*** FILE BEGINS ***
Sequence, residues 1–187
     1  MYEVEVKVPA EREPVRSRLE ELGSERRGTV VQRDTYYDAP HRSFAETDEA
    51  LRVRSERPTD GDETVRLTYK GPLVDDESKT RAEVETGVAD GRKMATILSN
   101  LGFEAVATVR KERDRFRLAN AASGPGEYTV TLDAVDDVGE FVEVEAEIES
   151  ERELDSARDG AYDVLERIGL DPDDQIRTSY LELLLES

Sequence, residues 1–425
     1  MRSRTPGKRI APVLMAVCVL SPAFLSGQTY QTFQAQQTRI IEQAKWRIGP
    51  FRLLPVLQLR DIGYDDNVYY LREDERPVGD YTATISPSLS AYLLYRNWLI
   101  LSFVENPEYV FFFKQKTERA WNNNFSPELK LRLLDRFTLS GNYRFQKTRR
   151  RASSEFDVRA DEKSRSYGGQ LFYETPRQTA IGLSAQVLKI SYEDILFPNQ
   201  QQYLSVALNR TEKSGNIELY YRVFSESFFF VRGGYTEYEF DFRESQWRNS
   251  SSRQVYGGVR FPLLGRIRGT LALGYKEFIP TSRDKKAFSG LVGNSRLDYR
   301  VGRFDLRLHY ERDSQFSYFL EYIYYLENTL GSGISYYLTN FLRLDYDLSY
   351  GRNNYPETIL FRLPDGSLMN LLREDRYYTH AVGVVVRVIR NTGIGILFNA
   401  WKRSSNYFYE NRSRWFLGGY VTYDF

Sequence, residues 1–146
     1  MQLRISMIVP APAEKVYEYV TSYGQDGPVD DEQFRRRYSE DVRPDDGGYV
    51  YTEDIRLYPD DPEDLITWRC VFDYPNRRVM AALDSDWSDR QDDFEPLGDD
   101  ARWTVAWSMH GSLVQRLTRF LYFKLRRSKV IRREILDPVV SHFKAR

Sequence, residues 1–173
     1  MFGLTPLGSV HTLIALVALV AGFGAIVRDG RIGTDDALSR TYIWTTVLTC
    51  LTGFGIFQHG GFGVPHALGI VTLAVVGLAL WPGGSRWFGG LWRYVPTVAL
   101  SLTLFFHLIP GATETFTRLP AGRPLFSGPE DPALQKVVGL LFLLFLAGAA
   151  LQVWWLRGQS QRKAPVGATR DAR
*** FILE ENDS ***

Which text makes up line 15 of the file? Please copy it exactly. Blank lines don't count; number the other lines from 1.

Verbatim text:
   401  WKRSSNYFYE NRSRWFLGGY VTYDF